In IP Court civil judgment 100-Year-Du-Min-Zhuan-Su-Zi 61 (June 28 2012) the infringer argued that the patent at issue was one of 400 patents in DVD6C and that the patentee would be entitled to only 1/400 of its claimed amount. The court rejected the infringer's argument on the following grounds:
- The infringer failed to prove that it needed to use all 400 of DVD6C's patents to manufacture its DVD-R and the royalty percentage that the patent at issue and the remaining 399 patents accounted for.
- The patent at issue constituted a part of the DVD specifications. Its technological characteristics were integrated into DVD-R discs and could not be isolated. Further, without the technology of the patent at issue, DVD-R discs would be worthless. There was therefore evidence that the patent contribution rate was 100%, and the infringer's argument that the damages to be paid to the patentee should be based on 1/400 was groundless.
In IP Court civil judgment 101-Year-Du-Min-Zhuan-Su-Zi 34 (January 25 2013) the infringer claimed that when calculating the damages of patent infringement the court should be required to deliberate on the contribution of the patent technology to the profit of the alleged infringing products sold by the infringer, with market information duly investigated for support. The court held that since any such market survey would be unable to disclose the number of consumers who would consider the style relating to the patent at issue as their primary or secondary concern, such a survey would not reflect the true percentage of the style with respect to influencing a consumer's purchase of the machine. Therefore, the court did not adopt the approach of the patent contribution rate when determining damages.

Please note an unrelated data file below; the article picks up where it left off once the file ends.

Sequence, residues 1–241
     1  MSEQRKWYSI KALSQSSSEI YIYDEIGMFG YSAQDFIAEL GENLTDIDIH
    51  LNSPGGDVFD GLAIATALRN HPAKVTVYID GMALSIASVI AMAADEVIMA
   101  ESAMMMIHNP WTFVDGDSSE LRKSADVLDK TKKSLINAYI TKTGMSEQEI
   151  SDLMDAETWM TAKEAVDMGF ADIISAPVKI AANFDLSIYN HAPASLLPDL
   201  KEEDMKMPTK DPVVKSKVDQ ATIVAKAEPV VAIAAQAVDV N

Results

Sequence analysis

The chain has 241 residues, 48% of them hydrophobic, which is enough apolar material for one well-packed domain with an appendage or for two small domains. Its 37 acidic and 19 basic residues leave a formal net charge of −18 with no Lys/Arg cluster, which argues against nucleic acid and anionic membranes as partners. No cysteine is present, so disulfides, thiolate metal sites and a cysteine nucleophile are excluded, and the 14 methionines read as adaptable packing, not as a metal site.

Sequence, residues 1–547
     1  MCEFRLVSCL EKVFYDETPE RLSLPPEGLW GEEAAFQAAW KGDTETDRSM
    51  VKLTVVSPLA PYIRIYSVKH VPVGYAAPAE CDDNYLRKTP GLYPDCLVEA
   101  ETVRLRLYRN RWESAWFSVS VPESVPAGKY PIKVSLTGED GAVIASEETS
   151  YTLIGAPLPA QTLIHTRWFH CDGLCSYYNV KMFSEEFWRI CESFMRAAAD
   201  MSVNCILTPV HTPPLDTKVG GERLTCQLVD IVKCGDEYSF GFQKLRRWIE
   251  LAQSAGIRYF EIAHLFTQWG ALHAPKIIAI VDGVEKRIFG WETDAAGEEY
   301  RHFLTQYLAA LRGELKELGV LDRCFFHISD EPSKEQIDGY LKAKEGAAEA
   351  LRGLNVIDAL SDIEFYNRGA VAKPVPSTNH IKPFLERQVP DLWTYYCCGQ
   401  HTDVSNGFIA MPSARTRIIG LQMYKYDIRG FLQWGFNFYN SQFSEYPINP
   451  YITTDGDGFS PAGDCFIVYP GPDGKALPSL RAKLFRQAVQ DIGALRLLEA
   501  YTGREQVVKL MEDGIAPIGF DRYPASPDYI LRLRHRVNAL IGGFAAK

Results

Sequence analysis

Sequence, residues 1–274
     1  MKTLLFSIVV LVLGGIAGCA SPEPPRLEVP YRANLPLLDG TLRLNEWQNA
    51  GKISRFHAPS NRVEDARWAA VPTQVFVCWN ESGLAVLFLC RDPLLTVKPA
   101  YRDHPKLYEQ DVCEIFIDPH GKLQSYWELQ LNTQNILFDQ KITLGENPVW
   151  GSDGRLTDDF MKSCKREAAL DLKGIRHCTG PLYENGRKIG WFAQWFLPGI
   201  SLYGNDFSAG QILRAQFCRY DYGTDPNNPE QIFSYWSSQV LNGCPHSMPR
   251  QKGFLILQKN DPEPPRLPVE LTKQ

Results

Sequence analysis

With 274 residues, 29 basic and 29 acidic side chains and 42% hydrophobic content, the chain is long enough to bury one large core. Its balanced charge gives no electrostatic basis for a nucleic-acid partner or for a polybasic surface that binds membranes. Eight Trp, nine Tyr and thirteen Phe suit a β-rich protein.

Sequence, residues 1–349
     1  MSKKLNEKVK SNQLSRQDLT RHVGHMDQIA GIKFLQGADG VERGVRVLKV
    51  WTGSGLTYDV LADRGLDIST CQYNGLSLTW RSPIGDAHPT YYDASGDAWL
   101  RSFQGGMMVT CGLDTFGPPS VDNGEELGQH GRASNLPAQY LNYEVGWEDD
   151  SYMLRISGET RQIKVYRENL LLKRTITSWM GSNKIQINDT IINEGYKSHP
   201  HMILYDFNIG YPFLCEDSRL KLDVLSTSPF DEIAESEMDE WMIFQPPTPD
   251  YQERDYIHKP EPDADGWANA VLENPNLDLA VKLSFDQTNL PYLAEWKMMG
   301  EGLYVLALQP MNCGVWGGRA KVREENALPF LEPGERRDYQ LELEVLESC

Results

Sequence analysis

In civil judgment 101-Year-Du-Min-Zhuan-Shang-Zi 7 (December 27 2012) the infringer argued that, based on the contribution of the patent, the overall price of the product at issue (a brassiere) should not be used for calculating damages. The court had determined that when selling the product the infringer had stressed in its product catalogue that it possessed an N-shaped supporting strip – a feature of the patent at issue – and that such a supporting strip could not be sold separately. As such, the profit obtained by the infringer from its infringement should be assessed based on the overall price of the product at issue.
Although the Patent Act does not expressly provide for consideration of patent contribution with respect to damage calculation, there is still a legal basis for the court to use it when determining damages. If the parties are unable to calculate the damages suffered by the patentee under Article 97 of the act, or if there is significant difficulty in proving such damages, the court can determine the damages based on Article 222(2) of the Code of Civil Procedure by considering the relevant facts and evidence – for example:
- the royalties for similar technology and patents;
- the features and scope of licence agreements deduced from facts of infringement;
- the market positions of licensor and licensee;
- the contribution of the patented technology to the profit of infringing products or technology; and
- the infringing product's market share.
Based on the abovementioned IP Court judgments, when considering whether to accept the patent contribution rate as the basis for determining damages, the facts and evidence furnished by the parties play a key role. If the infringer can provide facts and evidence with respect to the contribution of the patented technology to the profit for the infringing product, the court would be more inclined to accept it instead of determining damages based on the overall profit of the infringing product. If the patentee can prove that the patent at issue has made a 100% contribution to the product at issue, it is likely to convince the court to determine the damages based on the entire amount of profit for the infringing product. The current practice of an infringer using the patent contribution as the basis for determining damages remains limited. It is yet to be seen what the court's specific standards for determining the patent contribution rate will be.
For further information on this topic please contact Winona Chen at Lee and Li Attorneys at Law by telephone (+886 2 2715 3300) or email (firstname.lastname@example.org). The Lee and Li website can be accessed at www.leeandli.com.